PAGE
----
The Economic Burden of Posttraumatic Stress Disorder in the United States From a Societal Perspective
The Journal of Clinical Psychiatry, 2022
To estimate the economic burden of posttraumatic stress disorder (PTSD) in the United States civilian and military populations from a societal perspective.
A prevalence-based and human capital approach was used to estimate the total excess costs of PTSD in 2018 from insurance claims data, academic literature, and governmental publications. Excess direct health care costs (pharmacy, medical), direct non-health care costs (research and training, substance use, psychotherapy, homelessness, disability), and indirect costs (unemployment, productivity loss, caregiving, premature mortality) associated with PTSD were compared between adults with PTSD and adults without PTSD, or the general population if information was not available for adults without PTSD.
The total excess economic burden of PTSD in the US was estimated at $232.2 billion for 2018 ($19,630 per individual with PTSD). Total excess costs were $189.5 billion (81.6%) in the civilian population and $42.7 billion (18.4%) in the military population, corresponding to $18,640 and $25,684 per individual with PTSD in the civilian and military populations, respectively. In the civilian population, the excess burden was driven by direct health care ($66.0 billion) and unemployment ($42.7 billion) costs. In the military population, the excess burden was driven by disability ($17.8 billion) and direct health care ($10.1 billion) costs.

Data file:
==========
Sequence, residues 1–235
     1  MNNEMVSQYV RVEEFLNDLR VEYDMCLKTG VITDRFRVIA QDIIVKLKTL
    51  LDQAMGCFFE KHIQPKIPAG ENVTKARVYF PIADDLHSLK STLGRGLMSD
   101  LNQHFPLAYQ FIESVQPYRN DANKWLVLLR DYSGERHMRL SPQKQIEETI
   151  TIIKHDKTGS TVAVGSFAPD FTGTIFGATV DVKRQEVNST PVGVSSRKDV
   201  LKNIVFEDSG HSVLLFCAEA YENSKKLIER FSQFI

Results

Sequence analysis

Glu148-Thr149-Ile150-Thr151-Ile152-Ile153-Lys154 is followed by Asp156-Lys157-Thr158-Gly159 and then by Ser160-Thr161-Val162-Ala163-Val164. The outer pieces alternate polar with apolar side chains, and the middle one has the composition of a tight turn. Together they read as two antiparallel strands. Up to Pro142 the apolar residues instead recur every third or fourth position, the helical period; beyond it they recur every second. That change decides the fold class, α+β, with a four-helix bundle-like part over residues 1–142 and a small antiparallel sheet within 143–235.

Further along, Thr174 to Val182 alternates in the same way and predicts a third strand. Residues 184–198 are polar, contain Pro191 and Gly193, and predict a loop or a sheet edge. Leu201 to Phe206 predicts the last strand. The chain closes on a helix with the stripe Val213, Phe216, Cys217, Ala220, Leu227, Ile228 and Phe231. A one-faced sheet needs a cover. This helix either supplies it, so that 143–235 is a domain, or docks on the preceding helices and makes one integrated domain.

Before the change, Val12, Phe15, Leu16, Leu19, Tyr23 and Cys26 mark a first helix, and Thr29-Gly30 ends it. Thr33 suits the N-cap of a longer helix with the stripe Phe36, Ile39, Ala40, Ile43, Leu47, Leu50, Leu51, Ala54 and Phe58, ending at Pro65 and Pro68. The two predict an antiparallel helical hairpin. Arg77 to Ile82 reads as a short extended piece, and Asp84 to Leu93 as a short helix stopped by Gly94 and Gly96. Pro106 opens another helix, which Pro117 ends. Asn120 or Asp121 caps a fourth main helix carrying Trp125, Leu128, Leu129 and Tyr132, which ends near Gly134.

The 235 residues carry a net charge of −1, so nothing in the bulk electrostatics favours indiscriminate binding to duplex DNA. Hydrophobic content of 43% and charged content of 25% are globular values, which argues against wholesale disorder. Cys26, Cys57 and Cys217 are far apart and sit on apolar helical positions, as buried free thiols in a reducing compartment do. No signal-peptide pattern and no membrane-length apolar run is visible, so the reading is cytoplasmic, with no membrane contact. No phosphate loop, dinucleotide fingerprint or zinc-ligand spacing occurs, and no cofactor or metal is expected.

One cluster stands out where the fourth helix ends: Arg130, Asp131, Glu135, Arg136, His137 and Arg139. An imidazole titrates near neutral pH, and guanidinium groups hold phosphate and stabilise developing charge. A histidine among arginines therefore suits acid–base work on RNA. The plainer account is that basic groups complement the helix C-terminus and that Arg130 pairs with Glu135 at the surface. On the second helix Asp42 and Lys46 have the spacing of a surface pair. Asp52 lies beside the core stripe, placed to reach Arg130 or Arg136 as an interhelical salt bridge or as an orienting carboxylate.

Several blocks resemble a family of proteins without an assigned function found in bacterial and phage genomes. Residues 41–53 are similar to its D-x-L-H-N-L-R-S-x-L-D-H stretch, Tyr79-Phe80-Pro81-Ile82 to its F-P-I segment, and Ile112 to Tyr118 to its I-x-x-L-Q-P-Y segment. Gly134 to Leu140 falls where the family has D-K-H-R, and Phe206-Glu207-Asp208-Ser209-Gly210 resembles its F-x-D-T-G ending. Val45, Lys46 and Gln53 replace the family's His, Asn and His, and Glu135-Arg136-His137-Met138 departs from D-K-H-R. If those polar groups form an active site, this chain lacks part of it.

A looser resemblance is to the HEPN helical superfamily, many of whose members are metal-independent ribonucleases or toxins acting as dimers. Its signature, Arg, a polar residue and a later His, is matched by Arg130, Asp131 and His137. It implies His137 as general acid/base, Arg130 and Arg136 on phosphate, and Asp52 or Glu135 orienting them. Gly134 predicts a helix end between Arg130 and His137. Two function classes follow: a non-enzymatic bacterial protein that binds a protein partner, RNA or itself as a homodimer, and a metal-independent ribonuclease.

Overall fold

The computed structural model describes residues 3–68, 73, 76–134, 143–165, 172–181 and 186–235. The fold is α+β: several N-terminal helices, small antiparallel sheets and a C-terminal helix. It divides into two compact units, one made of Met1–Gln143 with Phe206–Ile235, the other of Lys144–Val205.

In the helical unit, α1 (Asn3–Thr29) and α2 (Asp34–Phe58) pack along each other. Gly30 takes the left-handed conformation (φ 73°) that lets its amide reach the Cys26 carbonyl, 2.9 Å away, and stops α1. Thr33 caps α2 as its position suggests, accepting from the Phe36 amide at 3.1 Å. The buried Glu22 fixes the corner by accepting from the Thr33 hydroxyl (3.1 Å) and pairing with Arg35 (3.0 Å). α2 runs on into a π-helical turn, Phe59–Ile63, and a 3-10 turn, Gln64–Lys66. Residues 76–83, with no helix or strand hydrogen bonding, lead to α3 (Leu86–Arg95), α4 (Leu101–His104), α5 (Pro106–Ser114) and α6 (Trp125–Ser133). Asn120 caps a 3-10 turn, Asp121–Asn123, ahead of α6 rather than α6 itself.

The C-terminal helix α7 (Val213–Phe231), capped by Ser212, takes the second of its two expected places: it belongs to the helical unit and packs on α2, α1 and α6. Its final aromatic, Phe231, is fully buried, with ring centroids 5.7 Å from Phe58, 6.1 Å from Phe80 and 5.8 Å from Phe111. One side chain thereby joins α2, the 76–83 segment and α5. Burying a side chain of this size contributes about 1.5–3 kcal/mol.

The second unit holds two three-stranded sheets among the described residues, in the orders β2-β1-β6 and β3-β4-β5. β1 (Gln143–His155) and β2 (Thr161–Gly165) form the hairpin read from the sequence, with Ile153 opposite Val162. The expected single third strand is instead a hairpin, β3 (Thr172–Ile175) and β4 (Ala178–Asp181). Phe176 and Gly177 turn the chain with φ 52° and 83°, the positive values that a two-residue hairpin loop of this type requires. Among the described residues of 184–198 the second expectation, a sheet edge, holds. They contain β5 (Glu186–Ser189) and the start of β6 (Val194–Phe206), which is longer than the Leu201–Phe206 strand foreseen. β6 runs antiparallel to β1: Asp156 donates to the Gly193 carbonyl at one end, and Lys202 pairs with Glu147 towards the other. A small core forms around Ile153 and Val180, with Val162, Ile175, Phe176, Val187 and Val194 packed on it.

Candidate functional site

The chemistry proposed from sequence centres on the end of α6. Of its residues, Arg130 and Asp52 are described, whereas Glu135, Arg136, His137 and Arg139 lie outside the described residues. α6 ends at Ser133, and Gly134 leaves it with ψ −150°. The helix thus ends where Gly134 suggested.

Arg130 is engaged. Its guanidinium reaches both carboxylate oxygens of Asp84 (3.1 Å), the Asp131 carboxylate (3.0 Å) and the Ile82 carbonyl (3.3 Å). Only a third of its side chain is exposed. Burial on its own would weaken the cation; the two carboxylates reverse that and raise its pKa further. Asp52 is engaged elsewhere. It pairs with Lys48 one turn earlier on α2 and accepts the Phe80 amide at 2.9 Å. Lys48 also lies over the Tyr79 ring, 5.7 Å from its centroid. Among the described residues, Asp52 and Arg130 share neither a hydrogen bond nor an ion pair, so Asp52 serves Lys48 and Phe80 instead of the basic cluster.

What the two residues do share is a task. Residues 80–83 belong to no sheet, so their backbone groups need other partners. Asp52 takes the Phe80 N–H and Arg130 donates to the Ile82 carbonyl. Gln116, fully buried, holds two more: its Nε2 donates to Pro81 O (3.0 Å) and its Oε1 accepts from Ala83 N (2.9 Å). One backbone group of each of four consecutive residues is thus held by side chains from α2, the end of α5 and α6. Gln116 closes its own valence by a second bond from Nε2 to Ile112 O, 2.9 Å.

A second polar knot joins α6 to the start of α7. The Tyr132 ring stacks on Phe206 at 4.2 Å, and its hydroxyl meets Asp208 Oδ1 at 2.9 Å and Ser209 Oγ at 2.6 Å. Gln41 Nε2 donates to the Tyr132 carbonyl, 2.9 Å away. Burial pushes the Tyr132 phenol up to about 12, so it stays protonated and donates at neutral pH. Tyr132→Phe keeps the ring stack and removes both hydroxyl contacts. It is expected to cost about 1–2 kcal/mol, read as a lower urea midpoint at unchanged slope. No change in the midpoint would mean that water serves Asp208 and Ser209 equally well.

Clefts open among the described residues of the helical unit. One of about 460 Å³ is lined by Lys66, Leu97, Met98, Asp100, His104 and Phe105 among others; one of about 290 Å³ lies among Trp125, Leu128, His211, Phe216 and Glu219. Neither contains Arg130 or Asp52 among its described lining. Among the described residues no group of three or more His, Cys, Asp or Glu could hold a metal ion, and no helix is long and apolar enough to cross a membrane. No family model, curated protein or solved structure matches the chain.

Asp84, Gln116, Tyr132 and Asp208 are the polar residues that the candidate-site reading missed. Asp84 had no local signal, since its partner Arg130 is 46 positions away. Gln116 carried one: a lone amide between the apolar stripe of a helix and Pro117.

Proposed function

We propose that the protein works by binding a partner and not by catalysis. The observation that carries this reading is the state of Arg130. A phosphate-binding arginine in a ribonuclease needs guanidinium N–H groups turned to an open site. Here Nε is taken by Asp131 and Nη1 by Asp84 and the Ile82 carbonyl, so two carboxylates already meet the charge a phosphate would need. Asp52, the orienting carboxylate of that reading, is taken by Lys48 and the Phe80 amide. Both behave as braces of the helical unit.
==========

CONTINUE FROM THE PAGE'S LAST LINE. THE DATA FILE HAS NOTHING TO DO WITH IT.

The economic burden of PTSD goes beyond direct health care costs and has been found to rival costs for other costly mental health conditions. Increased awareness of PTSD, development of more effective therapies, and expansion of evidence-based interventions may be warranted to reduce the large clinical and economic burden of PTSD.